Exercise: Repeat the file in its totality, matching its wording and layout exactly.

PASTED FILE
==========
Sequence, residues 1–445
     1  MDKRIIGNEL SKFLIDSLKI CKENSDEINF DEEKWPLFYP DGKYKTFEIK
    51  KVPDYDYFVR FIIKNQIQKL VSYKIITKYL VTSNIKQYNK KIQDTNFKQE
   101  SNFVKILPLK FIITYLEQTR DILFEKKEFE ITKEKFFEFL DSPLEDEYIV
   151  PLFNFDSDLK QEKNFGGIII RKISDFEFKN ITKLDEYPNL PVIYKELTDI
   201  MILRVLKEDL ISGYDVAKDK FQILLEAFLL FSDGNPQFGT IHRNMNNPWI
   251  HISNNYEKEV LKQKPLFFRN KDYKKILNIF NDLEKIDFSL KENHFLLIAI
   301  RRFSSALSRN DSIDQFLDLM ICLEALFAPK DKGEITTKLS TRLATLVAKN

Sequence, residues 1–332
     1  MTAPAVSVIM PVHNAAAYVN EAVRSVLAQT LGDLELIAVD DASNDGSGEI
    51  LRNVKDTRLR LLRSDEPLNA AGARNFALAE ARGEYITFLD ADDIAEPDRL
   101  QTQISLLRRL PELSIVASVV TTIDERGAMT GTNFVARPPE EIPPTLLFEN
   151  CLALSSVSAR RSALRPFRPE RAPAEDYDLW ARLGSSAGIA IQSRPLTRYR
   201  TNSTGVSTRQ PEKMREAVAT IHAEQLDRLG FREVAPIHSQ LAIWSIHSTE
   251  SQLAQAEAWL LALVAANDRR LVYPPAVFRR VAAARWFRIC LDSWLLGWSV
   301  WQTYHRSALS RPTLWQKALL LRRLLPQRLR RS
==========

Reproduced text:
Sequence, residues 1–445
     1  MDKRIIGNEL SKFLIDSLKI CKENSDEINF DEEKWPLFYP DGKYKTFEIK
    51  KVPDYDYFVR FIIKNQIQKL VSYKIITKYL VTSNIKQYNK KIQDTNFKQE
   101  SNFVKILPLK FIITYLEQTR DILFEKKEFE ITKEKFFEFL DSPLEDEYIV
   151  PLFNFDSDLK QEKNFGGIII RKISDFEFKN ITKLDEYPNL PVIYKELTDI
   201  MILRVLKEDL ISGYDVAKDK FQILLEAFLL FSDGNPQFGT IHRNMNNPWI
   251  HISNNYEKEV LKQKPLFFRN KDYKKILNIF NDLEKIDFSL KENHFLLIAI
   301  RRFSSALSRN DSIDQFLDLM ICLEALFAPK DKGEITTKLS TRLATLVAKN

Sequence, residues 1–332
     1  MTAPAVSVIM PVHNAAAYVN EAVRSVLAQT LGDLELIAVD DASNDGSGEI
    51  LRNVKDTRLR LLRSDEPLNA AGARNFALAE ARGEYITFLD ADDIAEPDRL
   101  QTQISLLRRL PELSIVASVV TTIDERGAMT GTNFVARPPE EIPPTLLFEN
   151  CLALSSVSAR RSALRPFRPE RAPAEDYDLW ARLGSSAGIA IQSRPLTRYR
   201  TNSTGVSTRQ PEKMREAVAT IHAEQLDRLG FREVAPIHSQ LAIWSIHSTE
   251  SQLAQAEAWL LALVAANDRR LVYPPAVFRR VAAARWFRIC LDSWLLGWSV
   301  WQTYHRSALS RPTLWQKALL LRRLLPQRLR RS